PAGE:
May 17, 2021

When we think about the concept of self-promotion, the typical stereotype of an annoying, hubristic and slightly brash type immediately springs to mind. In certain cultures, brandishing yourself is considered distasteful, leading to some downplaying their accomplishments, which can hinder professional growth. For this reason, it is an art to know how to speak tactfully and appropriately about our achievements in order to get ahead in the workplace. 

Sometimes even the most competent may lack the ideal vocabulary to talk positively about their successes without coming across like a try-hard. In the same way a company needs to employ the right branding strategy that demonstrates authenticity and integrity, you need to know how to market yourself well. And with more work becoming remote, there are fewer opportunities to get noticed. To inspire positive self-promotion, Tom Szaky, CEO of TerraCycle, set up a gong in all his company’s offices and encourages his employees to sound the gong whenever they feel they have achieved something.

The bottom line is if you don’t promote yourself, no one else will. You’re the author of your own story. Here are five ways to toot your own horn without being a twat.

Frame it as a story

Instead of simply showing off your abilities, make it engaging by turning it into a narrative with a beginning, climax and conclusion. Talk about the steps you took to reach your goal, the challenges you faced and what you learnt from the process. Add in moments of drama, to keep it entertaining and to sustain your audience’s attention. The focus should be on your experience, rather than your capabilities. When you frame your achievements as an anecdote, people tend to remember them more.  While occasional self-deprecating humour is fine, don’t go overboard as it may appear like humble bragging instead. Let people connect the dots and see that you are an asset to the team.

Compliment and credit others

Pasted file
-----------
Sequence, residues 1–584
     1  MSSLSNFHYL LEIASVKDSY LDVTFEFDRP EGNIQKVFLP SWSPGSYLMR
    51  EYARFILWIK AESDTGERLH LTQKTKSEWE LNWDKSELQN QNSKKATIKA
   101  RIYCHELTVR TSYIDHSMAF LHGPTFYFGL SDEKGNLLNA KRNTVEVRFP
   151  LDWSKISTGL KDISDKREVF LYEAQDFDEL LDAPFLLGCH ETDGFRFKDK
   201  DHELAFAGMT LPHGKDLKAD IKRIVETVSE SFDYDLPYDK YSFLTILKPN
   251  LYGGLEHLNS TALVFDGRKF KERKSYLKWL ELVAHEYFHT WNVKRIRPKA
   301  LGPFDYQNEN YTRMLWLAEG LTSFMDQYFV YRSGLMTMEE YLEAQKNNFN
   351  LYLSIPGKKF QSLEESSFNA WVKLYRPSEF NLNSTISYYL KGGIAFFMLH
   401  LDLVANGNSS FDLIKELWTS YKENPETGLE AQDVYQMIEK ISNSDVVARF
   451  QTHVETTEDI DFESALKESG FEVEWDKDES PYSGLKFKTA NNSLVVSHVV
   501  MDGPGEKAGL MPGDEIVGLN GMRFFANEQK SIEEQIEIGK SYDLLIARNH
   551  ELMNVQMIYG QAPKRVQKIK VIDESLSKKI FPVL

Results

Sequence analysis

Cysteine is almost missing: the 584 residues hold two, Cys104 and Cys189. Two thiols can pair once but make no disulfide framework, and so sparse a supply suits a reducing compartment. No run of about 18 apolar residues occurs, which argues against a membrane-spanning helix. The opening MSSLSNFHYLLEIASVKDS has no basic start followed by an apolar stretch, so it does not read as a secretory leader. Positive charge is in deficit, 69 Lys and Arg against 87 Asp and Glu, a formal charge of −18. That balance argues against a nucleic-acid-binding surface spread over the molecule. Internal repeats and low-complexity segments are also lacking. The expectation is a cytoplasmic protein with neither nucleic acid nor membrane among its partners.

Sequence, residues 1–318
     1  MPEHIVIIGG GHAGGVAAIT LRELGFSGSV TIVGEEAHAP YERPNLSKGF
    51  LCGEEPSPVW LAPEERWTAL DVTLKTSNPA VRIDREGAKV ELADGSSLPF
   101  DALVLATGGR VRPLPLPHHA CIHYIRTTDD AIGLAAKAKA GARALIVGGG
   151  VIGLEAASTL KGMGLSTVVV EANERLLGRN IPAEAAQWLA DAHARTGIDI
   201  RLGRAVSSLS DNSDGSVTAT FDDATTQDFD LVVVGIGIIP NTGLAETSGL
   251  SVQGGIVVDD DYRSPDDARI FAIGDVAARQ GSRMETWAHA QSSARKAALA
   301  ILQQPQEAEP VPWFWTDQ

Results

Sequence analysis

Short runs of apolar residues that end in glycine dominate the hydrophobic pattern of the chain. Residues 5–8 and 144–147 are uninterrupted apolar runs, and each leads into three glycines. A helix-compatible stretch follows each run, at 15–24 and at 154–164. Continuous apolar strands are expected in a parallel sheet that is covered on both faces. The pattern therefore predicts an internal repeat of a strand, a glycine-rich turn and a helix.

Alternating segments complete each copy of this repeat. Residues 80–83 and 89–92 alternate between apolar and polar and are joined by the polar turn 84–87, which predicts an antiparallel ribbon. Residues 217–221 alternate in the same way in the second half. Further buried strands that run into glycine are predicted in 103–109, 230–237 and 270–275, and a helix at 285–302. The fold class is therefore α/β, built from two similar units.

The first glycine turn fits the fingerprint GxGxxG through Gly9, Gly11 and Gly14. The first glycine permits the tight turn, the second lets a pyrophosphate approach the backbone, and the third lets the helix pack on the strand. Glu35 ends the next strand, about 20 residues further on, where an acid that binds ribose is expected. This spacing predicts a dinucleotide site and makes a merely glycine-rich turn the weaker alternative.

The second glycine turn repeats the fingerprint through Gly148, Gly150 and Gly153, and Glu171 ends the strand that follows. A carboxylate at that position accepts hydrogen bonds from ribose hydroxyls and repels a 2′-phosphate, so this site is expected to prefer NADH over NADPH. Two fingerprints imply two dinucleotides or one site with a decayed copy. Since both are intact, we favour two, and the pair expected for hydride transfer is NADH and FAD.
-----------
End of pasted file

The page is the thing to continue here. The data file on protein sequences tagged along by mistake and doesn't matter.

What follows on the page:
Always express gratitude towards people who have contributed to your success. And give credit where it’s due. This will give others the impression that you are humble rather than an arrogant windbag. When you acknowledge others more (instead of yourself), it not only humanises you but demonstrates that you’re a team player. Be mindful of your choice of words and steer clear of using too many “I”s in your sentences. “We” makes you sound less self-important. Pointing out what you did together with the efforts of others as a group highlights the fact that you work well with others.

Use facts and figures to back you up

Bringing in statistics and details can help solidify your positioning as a valued member of the company. Don’t merely tell others that “you were the best leader” or how you tripled your company’s revenue—provide specifics and make sure you have solid data to prove the veracity of your statement. Don’t embellish or inflate your achievements, state your contributions clearly in a factual tone like “I increased our sales by 20 per cent by using social media campaigns to generate interest and conversions.”

Practise situational awareness

Research has shown that gasconaders tend to overestimate the amount of interest that listeners have in their pursuits. Perhaps they spend so much time bragging about themselves, that they fail to recognise the audience’s disinterest. According to psychologists, this is known as the empathy gap, where we are unable to imagine what it’s like to be in the emotional state of another person. This cognitive bias makes people underestimate the influences of visceral drives on their own behaviours, which causes them to misjudge other people’s perspective.

Practise greater situational awareness by being conscious of your audience and reading their body language. Look into their eyes or observe their posture. This could offer you a sign as to whether they appreciate what you are saying (or not). Do not monopolise the conversation and give others in the room a chance to speak about themselves. Also, be mindful about the setting. For example, if your company is retrenching staff, avoid talking about your promotion or pay raise. Know when it is appropriate to speak and when to listen.

Be honest about your credentials

At the end of the day, honesty is still the best policy. Before you even blow your own trumpet, make sure you do have the goods to back it up. If someone discovers that your story is nothing but a hollow pretense, your reputation will be at stake. Think about how the former RadioShack CEO David Edmondson created a huge stir after admitting that he had falsely claimed to have two degrees when in fact he had none. Or how the former dean of admissions at MIT Marilee Jones lied for 28 years that she had three degrees.

Always remember what happened to the boy who cried wolf. No matter how tempting it may be, resist the urge to exaggerate, manipulate the facts or stretch the truth. If people find out you lied, you will lose all credibility and trust, which can be very damaging to your professional image.